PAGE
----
As CEO Paul Lewis said: “We decided to change our name because our research showed us clearly that half of the country doesn’t know what a credit union is.
“Now everyone will know that we can challenge the big four banks, without being one of them.”
Several lenders have also been streamlining and simplifying their product offerings, also in a bid to make the brands and products more transparent and approachable to a younger audience.
How the sector is faring
The ability to respond to member concerns and move with the times does seem to be working in the sector’s favour. Despite a large reduction in the number of mutuals, market share has risen – with market share of total assets increasing to close out 2020 at 2.7 per cent, and housing loans increasing to 4.7 per cent.
In fact, KPMG Australia’s Mutuals Industry Review 2020 revealed that the combined balance sheets of the 47 largest mutuals grew 4.6 per cent to $9.8 billion over 2020 alone, while residential lending from this segment of the market increased by 3 per cent to $100.2 billion and deposits grew by 7 per cent to $108.4 billion.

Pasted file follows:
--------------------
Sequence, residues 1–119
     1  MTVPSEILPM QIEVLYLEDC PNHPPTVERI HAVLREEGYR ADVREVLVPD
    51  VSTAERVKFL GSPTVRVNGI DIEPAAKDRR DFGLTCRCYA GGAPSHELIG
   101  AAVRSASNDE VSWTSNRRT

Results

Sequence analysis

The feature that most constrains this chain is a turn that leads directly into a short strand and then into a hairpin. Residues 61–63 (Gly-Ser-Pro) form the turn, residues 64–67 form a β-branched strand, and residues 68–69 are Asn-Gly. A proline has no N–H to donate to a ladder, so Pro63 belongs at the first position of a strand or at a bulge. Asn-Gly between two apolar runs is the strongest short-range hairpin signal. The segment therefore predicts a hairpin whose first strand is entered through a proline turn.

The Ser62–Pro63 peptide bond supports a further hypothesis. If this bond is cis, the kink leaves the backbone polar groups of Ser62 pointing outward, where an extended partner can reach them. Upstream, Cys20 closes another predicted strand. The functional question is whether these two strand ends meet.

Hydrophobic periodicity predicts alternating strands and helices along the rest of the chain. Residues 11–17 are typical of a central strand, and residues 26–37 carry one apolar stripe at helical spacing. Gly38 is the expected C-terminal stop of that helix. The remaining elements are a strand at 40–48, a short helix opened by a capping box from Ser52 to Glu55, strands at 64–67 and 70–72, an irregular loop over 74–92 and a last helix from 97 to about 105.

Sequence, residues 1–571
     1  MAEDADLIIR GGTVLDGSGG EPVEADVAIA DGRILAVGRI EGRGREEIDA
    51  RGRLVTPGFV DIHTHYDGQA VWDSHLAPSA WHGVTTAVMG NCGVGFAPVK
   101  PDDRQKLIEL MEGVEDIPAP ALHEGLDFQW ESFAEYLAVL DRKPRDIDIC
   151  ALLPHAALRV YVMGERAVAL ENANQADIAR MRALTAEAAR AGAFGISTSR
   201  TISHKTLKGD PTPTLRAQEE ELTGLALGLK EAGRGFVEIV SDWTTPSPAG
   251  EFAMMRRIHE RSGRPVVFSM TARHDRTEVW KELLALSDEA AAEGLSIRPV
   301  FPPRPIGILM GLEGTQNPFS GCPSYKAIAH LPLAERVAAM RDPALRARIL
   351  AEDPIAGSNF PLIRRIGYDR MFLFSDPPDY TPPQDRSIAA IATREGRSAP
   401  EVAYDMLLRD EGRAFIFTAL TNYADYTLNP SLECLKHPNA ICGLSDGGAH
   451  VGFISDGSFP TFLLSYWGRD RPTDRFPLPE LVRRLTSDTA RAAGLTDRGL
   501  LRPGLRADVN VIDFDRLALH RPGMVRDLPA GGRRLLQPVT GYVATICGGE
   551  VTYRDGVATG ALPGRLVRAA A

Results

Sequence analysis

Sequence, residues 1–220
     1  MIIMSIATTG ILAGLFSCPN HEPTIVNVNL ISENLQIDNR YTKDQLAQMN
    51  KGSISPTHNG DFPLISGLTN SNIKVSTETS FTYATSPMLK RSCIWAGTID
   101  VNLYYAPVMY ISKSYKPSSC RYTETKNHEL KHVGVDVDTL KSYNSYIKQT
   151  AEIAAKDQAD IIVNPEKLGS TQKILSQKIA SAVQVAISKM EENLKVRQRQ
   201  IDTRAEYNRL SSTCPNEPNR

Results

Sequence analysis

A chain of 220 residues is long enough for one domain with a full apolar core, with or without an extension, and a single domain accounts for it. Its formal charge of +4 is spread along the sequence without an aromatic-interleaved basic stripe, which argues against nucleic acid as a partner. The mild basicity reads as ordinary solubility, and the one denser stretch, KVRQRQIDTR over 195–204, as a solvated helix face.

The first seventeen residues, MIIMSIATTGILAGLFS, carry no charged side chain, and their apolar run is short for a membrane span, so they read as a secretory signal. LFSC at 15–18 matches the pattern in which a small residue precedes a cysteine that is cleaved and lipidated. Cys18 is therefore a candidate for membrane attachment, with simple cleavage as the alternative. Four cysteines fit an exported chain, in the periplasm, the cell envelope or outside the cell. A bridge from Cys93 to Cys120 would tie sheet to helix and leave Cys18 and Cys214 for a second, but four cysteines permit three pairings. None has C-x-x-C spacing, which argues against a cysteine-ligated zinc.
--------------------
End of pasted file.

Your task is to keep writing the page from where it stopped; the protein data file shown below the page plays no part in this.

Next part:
However, overall operating profit before tax fell by a substantial amount, falling 19.1 per cent (compared with just 3.6 per cent the year before) to $494.3 million.
Part of the attraction is that customer-owned lenders put the power back in the consumer’s hands. By being owned by its members, the members (e.g. the shareholders) have a strong say and sway in how the lender operates.
For example, mutuals were among the first advocates for sustainable investments and green loans, with Heritage Bank announcing in 2020 that it had enacted an environmental, social and governance position statement that codifies the bank’s practice around sustainability issues, as well as opening the door to further products and services aligned with an ESG approach.
Other attractions include having personnel that members – and brokers – know and are able to contact easily.